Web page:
Conditionality of IMF programs: an ‘afterthought’ that has taken center stage

Risto Herrala

Consider the task of lending to countries that are in severe payment difficulties, possibly involving significant danger of default. Sounds like a tough assignment, and one that has been on the agenda of the International Monetary Fund almost from the start of its day-to-day operation in 1947. For the Fund, the key to success is program conditionality, an idea which developed almost as an afterthought during the early years of its operation.

At the time, the reconstruction effort from the Second World War was ongoing in a large part of Fund membership. To support global trade and avoid ‘currency wars’ (strategic devaluations of currencies to gain competitive advantage in trade) IMF member countries signed up to fixed exchange rates against the United States Dollar. The fixed exchange rate system concocted in Bretton Woods by the allied nations was a key ingredient of the new global financial order.

One challenge with such a system is the difficulty of computing suitable (‘equilibrium’) exchange rates. This applies during normal times, but especially so during the dynamic and turbulent period of post-war reconstruction. It was therefore expected that some countries would end up with overvalued currencies that made them uncompetitive in international trade. Significant balance of payment deficits might consequently arise that, given the scale of the challenges and uncertainty related to reconstruction, might be hard to finance through normal market based channels such as the international bond markets.

In recognition of this issue the founding agreement allowed exchange rate devaluations under a ‘fundamental disequilibrium’ of the balance of payments. It also tasked the IMF to provide foreign exchange for its members against their national currency. The first countries to use IMF as a source for funds for international payments were France and the Netherlands, which received their first USD transfer in May, 1947, only a couple of months after the IMF had gone live.

All was not, however, well. It soon became apparent that the new global financial order faced a graver problem than the computation of equilibrium exchange rates. Namely, the fixed exchange rate system depended, in effect, on ‘prudent’ monetary and fiscal policies in the participating countries to promote exchange rate stability against the USD. Countries were supposed to avoid overly expansionary monetary and fiscal policies that boosted inflation, thereby eroding competitiveness and pushing them towards a balance of payment crisis.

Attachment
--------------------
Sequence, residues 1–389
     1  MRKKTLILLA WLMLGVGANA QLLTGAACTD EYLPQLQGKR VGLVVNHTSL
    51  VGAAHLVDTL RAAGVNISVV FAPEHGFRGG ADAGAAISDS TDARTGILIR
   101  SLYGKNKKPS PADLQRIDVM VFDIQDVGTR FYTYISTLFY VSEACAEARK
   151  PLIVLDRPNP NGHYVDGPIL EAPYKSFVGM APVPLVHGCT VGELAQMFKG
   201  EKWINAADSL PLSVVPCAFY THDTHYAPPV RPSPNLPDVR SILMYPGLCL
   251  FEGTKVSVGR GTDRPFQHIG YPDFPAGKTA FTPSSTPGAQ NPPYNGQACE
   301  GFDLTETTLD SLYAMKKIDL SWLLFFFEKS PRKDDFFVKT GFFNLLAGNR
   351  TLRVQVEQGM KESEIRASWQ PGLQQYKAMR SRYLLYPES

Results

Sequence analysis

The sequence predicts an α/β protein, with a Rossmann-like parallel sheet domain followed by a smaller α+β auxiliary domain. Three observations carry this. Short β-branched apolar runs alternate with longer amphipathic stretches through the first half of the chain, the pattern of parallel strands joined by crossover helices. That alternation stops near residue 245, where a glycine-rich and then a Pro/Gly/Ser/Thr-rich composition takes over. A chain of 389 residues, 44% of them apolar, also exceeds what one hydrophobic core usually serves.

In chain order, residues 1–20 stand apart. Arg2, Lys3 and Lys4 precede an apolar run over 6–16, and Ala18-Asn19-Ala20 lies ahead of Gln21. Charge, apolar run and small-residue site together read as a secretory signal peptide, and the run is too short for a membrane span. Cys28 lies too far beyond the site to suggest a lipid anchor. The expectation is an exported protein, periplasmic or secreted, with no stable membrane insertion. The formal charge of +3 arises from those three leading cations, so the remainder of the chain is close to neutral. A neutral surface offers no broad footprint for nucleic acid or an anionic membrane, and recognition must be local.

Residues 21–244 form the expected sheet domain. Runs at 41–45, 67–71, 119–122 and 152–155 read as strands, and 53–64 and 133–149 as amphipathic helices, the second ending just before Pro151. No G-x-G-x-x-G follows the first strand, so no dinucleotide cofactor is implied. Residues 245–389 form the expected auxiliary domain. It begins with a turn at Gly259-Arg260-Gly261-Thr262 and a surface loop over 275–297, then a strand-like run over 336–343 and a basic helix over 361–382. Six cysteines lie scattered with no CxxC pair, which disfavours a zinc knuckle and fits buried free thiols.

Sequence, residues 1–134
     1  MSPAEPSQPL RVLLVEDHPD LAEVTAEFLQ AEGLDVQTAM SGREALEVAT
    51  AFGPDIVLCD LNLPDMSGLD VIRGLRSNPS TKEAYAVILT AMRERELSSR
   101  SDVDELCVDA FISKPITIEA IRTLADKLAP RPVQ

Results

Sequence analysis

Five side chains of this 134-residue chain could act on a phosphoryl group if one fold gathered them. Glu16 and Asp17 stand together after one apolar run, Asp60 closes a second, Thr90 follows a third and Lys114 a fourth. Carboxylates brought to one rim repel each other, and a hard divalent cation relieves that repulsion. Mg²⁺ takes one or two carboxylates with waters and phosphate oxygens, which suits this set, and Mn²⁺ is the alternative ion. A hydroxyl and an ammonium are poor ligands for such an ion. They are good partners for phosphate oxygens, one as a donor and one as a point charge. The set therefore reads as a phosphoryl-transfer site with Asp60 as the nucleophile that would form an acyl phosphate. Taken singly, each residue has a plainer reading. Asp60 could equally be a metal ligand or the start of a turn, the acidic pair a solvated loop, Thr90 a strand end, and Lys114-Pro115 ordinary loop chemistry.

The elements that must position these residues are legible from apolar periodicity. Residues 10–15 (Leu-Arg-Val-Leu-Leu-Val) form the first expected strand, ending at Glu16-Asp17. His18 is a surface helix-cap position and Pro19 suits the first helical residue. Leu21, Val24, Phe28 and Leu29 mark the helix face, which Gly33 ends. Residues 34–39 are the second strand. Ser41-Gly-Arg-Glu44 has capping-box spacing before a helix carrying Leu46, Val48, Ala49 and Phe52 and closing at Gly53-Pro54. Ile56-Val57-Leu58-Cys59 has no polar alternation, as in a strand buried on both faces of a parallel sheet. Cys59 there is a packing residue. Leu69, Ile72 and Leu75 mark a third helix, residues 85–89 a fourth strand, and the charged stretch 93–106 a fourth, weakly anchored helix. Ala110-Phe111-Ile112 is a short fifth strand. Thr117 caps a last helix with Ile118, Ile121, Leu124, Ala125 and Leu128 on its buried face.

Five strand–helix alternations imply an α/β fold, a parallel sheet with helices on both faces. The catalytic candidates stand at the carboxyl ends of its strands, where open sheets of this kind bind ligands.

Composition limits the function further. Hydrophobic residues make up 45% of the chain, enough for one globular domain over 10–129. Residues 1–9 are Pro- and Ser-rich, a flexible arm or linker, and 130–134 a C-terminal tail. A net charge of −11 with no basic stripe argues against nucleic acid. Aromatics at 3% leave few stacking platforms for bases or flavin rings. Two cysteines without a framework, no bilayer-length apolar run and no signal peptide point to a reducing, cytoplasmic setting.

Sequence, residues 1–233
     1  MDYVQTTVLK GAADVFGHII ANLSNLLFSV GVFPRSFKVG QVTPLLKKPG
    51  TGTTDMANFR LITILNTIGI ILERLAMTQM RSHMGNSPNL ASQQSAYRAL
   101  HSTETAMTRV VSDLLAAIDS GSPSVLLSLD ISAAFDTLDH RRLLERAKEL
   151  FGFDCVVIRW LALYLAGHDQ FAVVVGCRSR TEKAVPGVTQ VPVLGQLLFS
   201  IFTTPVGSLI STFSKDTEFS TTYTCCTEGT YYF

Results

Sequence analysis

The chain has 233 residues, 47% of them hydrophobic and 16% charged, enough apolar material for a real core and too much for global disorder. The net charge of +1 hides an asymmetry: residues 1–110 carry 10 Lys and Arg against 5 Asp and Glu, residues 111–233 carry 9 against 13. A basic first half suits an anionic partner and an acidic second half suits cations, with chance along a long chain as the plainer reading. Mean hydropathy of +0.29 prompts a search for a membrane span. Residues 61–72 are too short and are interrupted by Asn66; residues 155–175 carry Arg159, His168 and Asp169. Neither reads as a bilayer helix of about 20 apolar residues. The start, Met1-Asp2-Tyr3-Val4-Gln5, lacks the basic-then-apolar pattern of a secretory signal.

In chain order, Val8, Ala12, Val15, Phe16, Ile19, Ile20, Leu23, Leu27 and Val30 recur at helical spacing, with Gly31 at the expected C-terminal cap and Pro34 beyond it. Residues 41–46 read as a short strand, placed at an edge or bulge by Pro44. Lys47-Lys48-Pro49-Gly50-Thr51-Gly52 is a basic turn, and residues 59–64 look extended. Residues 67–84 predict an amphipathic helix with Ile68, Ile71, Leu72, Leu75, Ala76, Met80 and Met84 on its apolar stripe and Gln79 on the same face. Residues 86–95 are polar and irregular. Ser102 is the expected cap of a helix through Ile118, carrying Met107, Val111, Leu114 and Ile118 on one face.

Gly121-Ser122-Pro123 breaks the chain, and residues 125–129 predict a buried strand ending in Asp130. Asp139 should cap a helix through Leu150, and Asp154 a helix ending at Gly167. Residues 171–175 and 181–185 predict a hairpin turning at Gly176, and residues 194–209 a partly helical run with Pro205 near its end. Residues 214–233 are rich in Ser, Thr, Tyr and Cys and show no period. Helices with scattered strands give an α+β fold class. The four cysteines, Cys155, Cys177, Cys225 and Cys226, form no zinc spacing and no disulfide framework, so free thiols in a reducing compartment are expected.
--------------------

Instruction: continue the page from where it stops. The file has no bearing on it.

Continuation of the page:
For many countries, the lure of monetary and fiscal expansion proved irresistible. With growing concern the IMF observed that a large part of its membership suffered from chronic inflation, declining competiveness, and recurrent balance of payment problems. Furthermore, fighting against the negative market reaction to such policies, many countries imposed heavy duties on imports and heavy handed regulation of financial flows. Somewhat depressingly the IMF stated in its annual report in 1952 that the balance of payments problems had been continuous and recurrent. It recognized that most countries had been unable to make substantial progress towards freer international trade. What to do?

The Fund decided to attach conditionality to IMF financing to influence the behavior of the borrower countries. In 1952, it launched the Stand-By-Arrangement (SBA), a loan facility where access to funds was conditioned on economic policies that the Fund deemed prudent. Under the SBA, funds are released in a stepwise fashion during a ‘program’ period which can last up to three years. During that time the Fund monitors the adherence of the target country to program conditionality.

The Bretton Woods system is long gone, and the IMF has changed in many ways. However, the Fund continues, through its various loan facilities (Chart 1), to be an important source of emergency funding for its member countries all over the world (Chart 2). Program conditionality continues to be an important and durable solution for the Fund to secure its operations and influence the behavior of its program countries.

Chart 1
Chart 2
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